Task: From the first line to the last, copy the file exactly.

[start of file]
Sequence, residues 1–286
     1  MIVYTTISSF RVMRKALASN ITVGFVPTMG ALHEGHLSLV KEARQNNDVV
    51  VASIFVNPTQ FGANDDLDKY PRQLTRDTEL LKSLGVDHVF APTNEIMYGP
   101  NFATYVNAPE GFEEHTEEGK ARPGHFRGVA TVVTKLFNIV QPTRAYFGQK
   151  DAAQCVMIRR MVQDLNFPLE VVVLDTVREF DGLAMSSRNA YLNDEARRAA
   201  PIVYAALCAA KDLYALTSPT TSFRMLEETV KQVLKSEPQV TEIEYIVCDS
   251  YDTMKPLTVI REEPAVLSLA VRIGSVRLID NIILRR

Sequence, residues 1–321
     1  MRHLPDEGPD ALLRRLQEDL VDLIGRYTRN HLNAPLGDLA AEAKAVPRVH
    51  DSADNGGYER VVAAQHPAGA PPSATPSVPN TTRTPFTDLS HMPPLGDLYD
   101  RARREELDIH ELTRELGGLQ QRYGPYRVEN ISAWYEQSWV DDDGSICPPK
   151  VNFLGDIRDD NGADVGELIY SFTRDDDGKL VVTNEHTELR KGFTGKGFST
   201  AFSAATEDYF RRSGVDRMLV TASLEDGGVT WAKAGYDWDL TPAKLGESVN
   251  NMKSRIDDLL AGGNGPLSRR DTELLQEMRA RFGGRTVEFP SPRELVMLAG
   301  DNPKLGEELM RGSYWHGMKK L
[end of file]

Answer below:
Sequence, residues 1–286
     1  MIVYTTISSF RVMRKALASN ITVGFVPTMG ALHEGHLSLV KEARQNNDVV
    51  VASIFVNPTQ FGANDDLDKY PRQLTRDTEL LKSLGVDHVF APTNEIMYGP
   101  NFATYVNAPE GFEEHTEEGK ARPGHFRGVA TVVTKLFNIV QPTRAYFGQK
   151  DAAQCVMIRR MVQDLNFPLE VVVLDTVREF DGLAMSSRNA YLNDEARRAA
   201  PIVYAALCAA KDLYALTSPT TSFRMLEETV KQVLKSEPQV TEIEYIVCDS
   251  YDTMKPLTVI REEPAVLSLA VRIGSVRLID NIILRR

Sequence, residues 1–321
     1  MRHLPDEGPD ALLRRLQEDL VDLIGRYTRN HLNAPLGDLA AEAKAVPRVH
    51  DSADNGGYER VVAAQHPAGA PPSATPSVPN TTRTPFTDLS HMPPLGDLYD
   101  RARREELDIH ELTRELGGLQ QRYGPYRVEN ISAWYEQSWV DDDGSICPPK
   151  VNFLGDIRDD NGADVGELIY SFTRDDDGKL VVTNEHTELR KGFTGKGFST
   201  AFSAATEDYF RRSGVDRMLV TASLEDGGVT WAKAGYDWDL TPAKLGESVN
   251  NMKSRIDDLL AGGNGPLSRR DTELLQEMRA RFGGRTVEFP SPRELVMLAG
   301  DNPKLGEELM RGSYWHGMKK L